Majestic Pure Shampoo is a natural hair loss prevention product containing 14 different DHT blockers and high quality essential oils.
The company is also heavily involved in making essential oils, and is based in the US. It comes in at under $20 for a 16 oz bottle, which, as you know, is a bargain in the land of hair loss products.
The shampoo is marketed to both men and women, and they claim it’s safe for color-treated hair as well as natural hair.
What’s In It?
Let’s look at the ingredients list:
Deionized Purified Water, Decyl Glucoside, Cocamidopropyl Hydroxysultaine , Sodium C14-16 Olefin Sufonate, Cocamidopropyl Betaine, Polyquaternium 71, Cocamide MIPA,Disodium Laureth Sulfosuccinate, Polyquaternium 80, Disodium Lauryl Sulfosuccinate, Melaleuca Alternifolia, Argania Spinosa kernel Argan oil, Biotin (Vitamin H), Nigella Sativa Oil, Phyllanthus emblica, Urtica dioica extract, Serenoa Serrulata extract, Cedrus atlantica oil, Rosmarinus officinalis, Salvia Sclarea oil, Polygonum Multiflorum Root, Citrus Medica Limonum oil, Hibiscus Rosa-sinensis Extract, Nicotinic acid Niacin, Zinc Pyrithione, Tocopherol Vitamin E, Soy Isoflavone, Beta Sitosterol, Camellia sinensis, Sorbitan Oleate Decyglucoside Crosspolymer, Phenoxyethanol, Caprylyl, Ethylhexyl Glycerin, Hexylene Glycol and Citric Acid, Panax ginseng root extract, Curcuma Longa (Turmeric) Root Extract
So…. most of these are latin names for plants, but I can pick out many of the ones relevant to hair loss.
- First, Melaleuca Alternifolia – Tea tree oil, known for its hair loss and skin soothing qualities.
- Second, Argania Spinosa – commonly known as Argan oil, also beneficial for hair and scalp.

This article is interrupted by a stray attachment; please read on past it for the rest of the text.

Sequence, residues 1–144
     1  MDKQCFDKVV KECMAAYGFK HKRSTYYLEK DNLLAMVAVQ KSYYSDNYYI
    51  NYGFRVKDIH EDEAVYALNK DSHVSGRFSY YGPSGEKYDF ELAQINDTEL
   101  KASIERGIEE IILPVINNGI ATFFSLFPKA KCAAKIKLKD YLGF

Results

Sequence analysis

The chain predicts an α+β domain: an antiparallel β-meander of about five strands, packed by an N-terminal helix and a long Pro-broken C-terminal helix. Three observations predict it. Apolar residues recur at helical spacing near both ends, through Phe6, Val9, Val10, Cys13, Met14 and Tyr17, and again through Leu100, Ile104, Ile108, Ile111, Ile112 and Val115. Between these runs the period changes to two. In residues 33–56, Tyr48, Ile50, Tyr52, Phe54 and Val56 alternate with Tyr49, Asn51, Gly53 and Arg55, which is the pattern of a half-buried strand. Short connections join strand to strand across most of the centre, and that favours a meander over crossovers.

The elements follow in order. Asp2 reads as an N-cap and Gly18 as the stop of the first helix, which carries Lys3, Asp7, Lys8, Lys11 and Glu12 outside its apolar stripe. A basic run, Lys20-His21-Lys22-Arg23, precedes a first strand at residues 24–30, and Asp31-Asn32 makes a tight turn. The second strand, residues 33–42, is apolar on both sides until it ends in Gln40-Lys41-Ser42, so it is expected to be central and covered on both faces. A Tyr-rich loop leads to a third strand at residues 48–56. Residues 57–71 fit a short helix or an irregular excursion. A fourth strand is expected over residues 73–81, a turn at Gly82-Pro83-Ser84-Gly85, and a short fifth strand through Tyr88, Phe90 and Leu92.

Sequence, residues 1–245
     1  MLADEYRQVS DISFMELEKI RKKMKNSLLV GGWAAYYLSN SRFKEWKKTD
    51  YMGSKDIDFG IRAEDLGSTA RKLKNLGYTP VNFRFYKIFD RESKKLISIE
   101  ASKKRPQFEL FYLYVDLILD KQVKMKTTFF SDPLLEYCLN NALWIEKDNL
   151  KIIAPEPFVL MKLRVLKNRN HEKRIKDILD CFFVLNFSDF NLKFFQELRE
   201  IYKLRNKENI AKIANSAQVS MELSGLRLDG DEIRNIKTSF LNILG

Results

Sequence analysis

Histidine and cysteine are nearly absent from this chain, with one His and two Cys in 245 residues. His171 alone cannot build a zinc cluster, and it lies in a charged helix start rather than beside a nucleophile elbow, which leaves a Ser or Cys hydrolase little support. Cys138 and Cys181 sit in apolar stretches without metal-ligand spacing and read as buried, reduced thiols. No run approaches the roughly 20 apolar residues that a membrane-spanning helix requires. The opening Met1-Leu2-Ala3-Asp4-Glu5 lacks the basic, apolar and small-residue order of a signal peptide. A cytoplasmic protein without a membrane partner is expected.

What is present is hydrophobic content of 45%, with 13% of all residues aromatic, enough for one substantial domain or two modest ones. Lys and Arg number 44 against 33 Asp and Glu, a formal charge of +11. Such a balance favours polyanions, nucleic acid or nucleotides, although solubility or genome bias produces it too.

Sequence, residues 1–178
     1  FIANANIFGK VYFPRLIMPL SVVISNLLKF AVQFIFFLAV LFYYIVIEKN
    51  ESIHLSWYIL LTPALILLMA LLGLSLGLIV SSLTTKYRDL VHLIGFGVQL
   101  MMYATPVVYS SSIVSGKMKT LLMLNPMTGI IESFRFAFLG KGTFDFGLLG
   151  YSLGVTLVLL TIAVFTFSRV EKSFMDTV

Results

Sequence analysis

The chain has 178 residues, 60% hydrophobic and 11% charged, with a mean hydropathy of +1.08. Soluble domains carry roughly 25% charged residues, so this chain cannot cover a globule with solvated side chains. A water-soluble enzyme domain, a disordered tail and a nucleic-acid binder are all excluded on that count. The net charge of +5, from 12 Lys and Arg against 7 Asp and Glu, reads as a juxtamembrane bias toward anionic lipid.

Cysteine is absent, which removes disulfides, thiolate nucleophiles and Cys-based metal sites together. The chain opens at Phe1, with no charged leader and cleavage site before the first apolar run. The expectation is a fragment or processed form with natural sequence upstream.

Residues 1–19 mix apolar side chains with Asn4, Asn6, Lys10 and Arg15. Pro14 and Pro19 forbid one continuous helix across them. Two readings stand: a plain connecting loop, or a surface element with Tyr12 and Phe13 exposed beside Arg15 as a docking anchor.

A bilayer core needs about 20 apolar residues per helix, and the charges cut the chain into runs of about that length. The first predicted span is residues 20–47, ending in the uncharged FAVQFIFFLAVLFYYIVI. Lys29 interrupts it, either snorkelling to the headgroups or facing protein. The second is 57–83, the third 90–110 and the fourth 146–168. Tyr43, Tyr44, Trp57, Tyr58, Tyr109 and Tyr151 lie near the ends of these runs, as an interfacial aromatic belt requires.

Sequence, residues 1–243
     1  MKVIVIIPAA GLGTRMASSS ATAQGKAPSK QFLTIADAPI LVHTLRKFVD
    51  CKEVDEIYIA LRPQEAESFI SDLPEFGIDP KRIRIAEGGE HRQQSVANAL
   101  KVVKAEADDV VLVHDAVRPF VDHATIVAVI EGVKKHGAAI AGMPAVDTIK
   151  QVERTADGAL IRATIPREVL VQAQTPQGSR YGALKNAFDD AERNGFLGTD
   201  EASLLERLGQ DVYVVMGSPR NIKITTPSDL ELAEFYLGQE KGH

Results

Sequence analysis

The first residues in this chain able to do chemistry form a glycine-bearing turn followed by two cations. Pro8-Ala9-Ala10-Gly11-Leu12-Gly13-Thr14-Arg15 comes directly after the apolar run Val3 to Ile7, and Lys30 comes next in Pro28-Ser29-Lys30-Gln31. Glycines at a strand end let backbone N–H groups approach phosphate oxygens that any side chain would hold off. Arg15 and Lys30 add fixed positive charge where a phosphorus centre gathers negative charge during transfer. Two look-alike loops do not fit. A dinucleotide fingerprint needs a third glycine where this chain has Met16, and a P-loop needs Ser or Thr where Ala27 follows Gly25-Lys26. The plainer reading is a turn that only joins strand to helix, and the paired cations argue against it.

- Third, Biotin – a crucial ingredient for hair loss prevention. So crucial, in fact, that we recommend separate supplementation
- Fourth, Nigella Sativa Oil, otherwise known as Black Cumin oil. This is a first for our research, and there are no obvious immediate hair loss benefits to black cumin, although taken internally, it does seem to be an anti-inflammatory. Perhaps it acts as a booster for some of the other ingredients.
- Fifth, Phyllanthus emblica, or Indian Gooseberry, a crucial ingredient in Aruvedic medicine and most commonly seen in the west as part of the Triphala supplement. Again, I haven’t heard of this as a hair loss remedy, but it is a powerful antioxidant and anti-inflammatory.
- Sixth, Polygonum Multiflorum Root, otherwise known as Fo-Ti, the Chinese herb used for thousands of years to treat weight loss and even greying hair.
- Seventh, Citrus Medica Limonum oil, or lemon peel oil, known to provide balance to the scalp and skin.
- Eighth, Hibiscus Rosa-sinensis Extract, with a self-explanatory name. Hibiscus is a scientifically proven hair growth agent.
- Ninth, Panax ginseng root extract, or Korean Red Ginseng, which has a tremendous amount of health properties and has been used in Korea for thousands of years to help with hair loss.
- Tenth, Tumeric extract, which is a known powerful antioxidant.
- Eleventh, lots of the usual suspects: Niacin, Zinc, Vitamin E – all known vitamins and minerals that provide aid to unhealthy scalps and skin and prevent shedding hair.